From the box formula for the standard error at the end of Section 10.1,
se(estimate 1 - estimate 2) =
√[se(estimate 1)]2 + [se(estimate 2)]2,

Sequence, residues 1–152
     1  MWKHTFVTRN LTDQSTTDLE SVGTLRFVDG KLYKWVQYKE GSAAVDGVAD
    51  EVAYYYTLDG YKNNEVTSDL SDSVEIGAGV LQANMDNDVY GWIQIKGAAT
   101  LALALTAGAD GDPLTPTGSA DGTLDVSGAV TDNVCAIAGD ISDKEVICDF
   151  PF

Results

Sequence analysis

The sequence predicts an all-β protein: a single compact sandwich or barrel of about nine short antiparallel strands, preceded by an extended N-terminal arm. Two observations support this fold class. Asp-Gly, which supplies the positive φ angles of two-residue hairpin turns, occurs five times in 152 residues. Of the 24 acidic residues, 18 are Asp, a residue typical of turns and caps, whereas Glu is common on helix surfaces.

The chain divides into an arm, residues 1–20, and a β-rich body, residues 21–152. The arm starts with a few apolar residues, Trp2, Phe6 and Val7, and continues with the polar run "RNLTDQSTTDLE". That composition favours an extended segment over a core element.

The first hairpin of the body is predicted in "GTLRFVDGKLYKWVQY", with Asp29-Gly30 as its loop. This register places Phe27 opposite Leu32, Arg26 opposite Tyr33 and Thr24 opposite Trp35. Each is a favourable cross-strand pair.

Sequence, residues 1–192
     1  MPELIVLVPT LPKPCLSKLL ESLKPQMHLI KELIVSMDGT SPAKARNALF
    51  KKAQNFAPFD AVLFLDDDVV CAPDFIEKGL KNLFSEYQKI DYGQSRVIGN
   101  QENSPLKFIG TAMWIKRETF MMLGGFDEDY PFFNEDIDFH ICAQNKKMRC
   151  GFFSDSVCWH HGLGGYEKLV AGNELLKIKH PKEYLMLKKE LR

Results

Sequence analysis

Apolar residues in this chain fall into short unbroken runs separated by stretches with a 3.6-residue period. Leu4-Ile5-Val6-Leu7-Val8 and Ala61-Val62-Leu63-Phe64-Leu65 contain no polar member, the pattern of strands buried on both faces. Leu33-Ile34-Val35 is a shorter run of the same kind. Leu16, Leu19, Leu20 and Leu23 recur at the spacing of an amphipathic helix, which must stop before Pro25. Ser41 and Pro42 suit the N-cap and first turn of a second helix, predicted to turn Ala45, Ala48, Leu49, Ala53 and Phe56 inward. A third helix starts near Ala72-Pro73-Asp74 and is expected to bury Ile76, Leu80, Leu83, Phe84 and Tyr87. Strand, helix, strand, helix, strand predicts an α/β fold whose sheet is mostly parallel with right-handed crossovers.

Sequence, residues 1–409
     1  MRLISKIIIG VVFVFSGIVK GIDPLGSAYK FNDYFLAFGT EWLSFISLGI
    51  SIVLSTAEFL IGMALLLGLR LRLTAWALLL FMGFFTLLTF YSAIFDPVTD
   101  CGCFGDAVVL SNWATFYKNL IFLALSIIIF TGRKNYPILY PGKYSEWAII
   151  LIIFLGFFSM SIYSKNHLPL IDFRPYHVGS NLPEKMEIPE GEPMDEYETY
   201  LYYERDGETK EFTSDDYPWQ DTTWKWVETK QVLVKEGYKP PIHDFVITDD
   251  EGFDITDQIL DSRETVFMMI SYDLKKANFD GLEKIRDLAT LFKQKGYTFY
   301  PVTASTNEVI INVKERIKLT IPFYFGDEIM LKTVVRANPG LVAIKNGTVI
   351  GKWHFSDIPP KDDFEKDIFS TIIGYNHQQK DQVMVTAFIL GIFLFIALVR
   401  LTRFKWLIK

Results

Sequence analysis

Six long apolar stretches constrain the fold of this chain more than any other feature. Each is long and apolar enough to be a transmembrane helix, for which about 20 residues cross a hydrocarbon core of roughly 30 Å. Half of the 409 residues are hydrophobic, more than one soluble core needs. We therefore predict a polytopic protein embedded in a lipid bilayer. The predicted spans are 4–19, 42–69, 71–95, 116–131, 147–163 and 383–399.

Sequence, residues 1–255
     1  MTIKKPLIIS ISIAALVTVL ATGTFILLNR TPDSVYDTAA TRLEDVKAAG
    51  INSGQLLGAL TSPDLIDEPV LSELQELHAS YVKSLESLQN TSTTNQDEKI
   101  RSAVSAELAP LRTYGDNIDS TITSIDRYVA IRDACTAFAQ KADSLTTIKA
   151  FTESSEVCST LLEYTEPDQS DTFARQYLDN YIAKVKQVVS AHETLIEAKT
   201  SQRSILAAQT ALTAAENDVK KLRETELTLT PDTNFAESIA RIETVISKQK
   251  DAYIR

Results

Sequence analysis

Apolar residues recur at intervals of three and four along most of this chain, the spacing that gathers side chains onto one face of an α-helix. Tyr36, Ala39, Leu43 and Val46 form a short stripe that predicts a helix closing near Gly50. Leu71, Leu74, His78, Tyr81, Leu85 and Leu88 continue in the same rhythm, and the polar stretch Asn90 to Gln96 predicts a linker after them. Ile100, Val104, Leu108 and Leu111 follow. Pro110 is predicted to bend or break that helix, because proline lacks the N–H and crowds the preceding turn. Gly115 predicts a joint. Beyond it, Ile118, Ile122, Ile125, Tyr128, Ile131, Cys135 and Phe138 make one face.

if you know the se for each of two independent estimates, you can find the se of their difference. This is useful, because often articles report a se for each sample mean or proportion, but not the se or a confidence interval for their difference. Many medical studies have used a large sample of subjects from Framingham, Massachusetts, who have been followed since 1948. A study (Annual of Internal Medicine, vol. 138, 2003, pp. 24–32) estimated the number of years of life lost by being obese and a smoker. For females of age 40, adjusting for other factors, the number of years of life left were estimated to have a mean of 46.3 (se = 0.6) for nonsmokers of normal weight and a mean of 33.0 (se = 1.8) for smokers who were obese. Construct a 95% confidence interval for the population mean number of years lost. Interpret.

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